When larger turbos, modified exhaust and intake components, or special fuels are incorporated, modifications to the Malone Tune may be needed, and sometimes custom tuning by Mark is required. The Technician will graph and log fuel system and engine parameters, and email them to Mark at Malone Tuning. Mark then modifies the tune to accommodate the equipment. The tune is flashed back into the ECU, and then logging is used to confirm the results. On most models, some changes can be made through resetting the adaptations through the OBD II Port. Any major changes require that the ECU be removed again to make the modifications. Custom tuning generally only applies to highly modified engines.
Malone Performance Tuning Options
Many of the Malone Tune products have tuning options to accommodate customer’s individual needs. Some of them are for racing use to optimize performance, some are considered because of a customer’s driving preferences, environment and habits. Custom Exhaust Gas Recirculation (EGR) control can be had for improved warm up characteristics versus mileage and power. Higher idle settings when cold are available for some diesels that experience high altitude cold starts or use veggie oil.
Standard modifications are available for high performance customers that change intake manifolds, exhaust components, and air filters, or delete MAF sensors and EGR systems. Some custom tuning options cost extra, please refer to the Malone Tuning Website for further information and costs.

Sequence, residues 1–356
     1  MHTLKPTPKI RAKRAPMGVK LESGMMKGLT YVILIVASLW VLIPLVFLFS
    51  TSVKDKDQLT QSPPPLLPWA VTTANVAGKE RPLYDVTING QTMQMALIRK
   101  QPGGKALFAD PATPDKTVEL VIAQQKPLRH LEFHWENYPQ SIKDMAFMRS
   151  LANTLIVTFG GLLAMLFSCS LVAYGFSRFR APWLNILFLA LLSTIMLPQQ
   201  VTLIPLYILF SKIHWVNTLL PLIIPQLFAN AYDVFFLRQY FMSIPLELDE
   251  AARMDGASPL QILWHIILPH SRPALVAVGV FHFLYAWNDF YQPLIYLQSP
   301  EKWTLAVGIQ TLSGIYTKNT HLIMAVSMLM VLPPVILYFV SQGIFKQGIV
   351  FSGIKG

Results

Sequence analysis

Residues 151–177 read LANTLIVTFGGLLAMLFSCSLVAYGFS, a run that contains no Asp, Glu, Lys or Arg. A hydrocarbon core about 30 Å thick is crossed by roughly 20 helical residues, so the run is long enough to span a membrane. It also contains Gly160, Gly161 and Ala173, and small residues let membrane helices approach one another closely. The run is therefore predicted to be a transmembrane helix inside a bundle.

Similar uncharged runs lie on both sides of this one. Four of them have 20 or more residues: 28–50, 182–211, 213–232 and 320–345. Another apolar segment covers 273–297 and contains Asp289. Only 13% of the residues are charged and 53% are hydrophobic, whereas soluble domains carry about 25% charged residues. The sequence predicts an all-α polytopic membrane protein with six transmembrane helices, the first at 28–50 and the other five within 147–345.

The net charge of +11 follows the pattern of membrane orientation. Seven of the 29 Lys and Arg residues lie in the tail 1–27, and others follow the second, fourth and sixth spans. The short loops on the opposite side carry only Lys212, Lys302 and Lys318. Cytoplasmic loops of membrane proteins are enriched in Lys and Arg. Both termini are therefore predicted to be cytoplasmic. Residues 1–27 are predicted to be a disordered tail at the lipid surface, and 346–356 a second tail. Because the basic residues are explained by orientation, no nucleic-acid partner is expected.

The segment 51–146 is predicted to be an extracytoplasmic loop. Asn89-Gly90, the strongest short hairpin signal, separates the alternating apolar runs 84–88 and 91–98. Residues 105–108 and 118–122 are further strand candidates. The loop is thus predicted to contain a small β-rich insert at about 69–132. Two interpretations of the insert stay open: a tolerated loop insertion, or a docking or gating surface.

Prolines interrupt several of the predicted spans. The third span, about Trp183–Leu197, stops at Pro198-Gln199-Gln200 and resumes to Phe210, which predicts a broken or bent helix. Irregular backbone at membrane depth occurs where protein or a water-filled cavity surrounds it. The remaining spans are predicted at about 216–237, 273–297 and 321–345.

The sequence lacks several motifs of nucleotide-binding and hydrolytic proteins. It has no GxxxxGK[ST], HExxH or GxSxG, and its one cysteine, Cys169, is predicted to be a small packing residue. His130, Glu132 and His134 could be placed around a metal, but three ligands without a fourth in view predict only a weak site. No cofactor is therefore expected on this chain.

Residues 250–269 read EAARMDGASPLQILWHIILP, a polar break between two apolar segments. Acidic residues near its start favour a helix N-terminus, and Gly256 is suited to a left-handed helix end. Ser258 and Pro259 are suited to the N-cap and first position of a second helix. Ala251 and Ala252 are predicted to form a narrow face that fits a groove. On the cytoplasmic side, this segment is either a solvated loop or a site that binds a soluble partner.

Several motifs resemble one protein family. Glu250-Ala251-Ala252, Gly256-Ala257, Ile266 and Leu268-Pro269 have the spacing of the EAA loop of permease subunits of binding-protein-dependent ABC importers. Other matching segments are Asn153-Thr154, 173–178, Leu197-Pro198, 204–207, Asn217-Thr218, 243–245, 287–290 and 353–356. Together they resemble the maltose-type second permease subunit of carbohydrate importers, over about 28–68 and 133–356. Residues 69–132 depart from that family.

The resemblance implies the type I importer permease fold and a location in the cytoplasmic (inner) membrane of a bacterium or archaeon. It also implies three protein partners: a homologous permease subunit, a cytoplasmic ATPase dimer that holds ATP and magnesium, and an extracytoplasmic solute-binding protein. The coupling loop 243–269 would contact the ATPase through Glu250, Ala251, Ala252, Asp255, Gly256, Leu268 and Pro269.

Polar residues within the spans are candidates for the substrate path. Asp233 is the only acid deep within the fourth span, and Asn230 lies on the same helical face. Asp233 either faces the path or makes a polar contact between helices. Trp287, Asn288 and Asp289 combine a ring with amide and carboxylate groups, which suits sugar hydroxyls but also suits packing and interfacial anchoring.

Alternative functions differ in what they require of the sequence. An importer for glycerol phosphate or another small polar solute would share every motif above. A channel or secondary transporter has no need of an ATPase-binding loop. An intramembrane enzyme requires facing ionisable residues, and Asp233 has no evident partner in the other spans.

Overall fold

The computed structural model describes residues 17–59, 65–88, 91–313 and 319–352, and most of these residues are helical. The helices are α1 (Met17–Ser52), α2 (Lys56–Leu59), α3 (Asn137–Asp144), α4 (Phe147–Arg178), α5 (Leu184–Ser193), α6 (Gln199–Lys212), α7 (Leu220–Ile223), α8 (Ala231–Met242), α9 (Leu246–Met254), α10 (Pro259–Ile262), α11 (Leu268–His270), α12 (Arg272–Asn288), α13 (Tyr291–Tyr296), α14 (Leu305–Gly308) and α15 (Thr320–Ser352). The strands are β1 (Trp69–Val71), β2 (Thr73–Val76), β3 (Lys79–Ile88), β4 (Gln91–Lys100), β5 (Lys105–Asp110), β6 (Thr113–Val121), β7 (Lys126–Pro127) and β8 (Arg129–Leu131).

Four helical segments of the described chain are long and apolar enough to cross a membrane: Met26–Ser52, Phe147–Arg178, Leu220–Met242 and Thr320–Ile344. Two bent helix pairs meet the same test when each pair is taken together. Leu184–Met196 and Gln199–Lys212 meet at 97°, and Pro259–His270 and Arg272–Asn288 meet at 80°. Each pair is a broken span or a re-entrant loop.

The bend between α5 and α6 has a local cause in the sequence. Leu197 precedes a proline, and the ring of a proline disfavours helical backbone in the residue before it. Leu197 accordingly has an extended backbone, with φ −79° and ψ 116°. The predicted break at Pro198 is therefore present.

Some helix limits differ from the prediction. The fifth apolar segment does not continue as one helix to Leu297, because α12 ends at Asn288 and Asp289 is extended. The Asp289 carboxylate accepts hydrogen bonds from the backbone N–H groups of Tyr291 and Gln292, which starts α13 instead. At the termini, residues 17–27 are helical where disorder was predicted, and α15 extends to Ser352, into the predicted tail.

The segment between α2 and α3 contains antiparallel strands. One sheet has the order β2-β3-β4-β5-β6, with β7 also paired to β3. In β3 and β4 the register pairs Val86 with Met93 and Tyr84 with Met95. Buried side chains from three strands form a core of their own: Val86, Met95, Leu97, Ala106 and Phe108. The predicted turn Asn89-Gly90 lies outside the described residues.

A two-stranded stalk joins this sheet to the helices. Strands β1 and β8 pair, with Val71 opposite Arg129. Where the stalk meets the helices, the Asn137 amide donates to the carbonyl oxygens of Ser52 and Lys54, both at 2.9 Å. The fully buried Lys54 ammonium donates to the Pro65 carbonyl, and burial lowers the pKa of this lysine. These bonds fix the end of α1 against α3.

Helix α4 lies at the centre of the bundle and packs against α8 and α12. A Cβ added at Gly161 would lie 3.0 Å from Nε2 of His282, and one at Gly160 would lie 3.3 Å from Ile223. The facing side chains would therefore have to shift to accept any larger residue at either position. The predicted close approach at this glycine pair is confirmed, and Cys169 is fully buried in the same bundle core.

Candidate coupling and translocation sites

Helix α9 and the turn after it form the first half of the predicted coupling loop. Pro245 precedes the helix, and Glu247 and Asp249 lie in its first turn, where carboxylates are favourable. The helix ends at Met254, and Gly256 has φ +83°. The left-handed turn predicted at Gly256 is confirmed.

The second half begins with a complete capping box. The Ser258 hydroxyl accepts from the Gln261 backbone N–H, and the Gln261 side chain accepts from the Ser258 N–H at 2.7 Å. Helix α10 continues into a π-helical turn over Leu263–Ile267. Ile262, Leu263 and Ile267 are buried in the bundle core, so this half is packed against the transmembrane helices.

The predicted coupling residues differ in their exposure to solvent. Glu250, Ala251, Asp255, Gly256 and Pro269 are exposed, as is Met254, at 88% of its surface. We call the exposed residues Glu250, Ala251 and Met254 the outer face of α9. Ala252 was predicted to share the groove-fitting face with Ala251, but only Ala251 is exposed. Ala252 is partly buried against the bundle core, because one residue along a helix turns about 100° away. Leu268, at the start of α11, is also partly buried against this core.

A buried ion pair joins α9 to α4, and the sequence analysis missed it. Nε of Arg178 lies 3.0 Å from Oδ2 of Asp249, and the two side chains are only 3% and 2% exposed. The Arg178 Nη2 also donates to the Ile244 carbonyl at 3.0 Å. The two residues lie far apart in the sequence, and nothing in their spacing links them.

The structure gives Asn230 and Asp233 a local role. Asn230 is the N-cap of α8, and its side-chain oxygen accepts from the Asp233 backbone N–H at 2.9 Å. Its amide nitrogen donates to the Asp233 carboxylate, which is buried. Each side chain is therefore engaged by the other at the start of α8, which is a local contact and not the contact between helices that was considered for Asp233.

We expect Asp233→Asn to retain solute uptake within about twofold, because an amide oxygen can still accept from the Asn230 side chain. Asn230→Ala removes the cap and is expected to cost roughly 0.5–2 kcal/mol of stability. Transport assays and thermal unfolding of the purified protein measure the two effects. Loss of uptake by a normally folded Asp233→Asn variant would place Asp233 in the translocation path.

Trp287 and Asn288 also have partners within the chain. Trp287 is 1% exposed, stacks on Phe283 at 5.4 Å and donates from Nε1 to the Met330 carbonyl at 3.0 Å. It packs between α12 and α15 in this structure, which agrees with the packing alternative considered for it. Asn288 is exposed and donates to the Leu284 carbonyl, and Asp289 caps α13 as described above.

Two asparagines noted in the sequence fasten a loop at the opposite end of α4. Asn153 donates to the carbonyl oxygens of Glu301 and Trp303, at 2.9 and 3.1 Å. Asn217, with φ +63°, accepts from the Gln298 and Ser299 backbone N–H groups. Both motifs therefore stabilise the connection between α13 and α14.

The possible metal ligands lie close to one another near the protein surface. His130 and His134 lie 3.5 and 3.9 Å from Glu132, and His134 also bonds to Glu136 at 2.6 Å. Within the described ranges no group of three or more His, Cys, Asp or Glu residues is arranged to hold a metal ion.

For the automatic and DSG transmissions for the 2.0 CR diesels and the 2.7 T V6 gas engine, the Transmission Control Unit (TCU) must be reflashed to accommodate the higher engine torque and performance, or problems like harsh shifting or sudden power loss can occur. The transmission TCU communicates with the Engine’s ECU constantly. The ECU sends information about the load signals and rpm, the transmission uses the data to preform perfect shifting, and the ECU modifies the timing and boost to complete the process. So the characteristics of the ECU programming must match the transmission programming. In most cases, there is no problem using the stock TCU program.
Tuning boxes are sometimes considered as an alternative, but the results are never satisfactory. Tuning boxes can have severe downsides. The most common problems are poor mileage, turbocharger damage and catalytic converter failure. Some tuning boxes are just a resistor that changes the coolant temperature sensor signal. This makes the ECU believe that the engine is always cold, and adds more fuel. Some boxes control boost, most do not. Modifying just one or two parameters is not the correct way to get performance and mileage, and can lead to repairs that far exceed the cost of proper tuning. Cheap advice: Don’t use a cheap tuning box. See the Malone Tuning page on Myths and Facts for a complete story on aftermarket tuning boxes.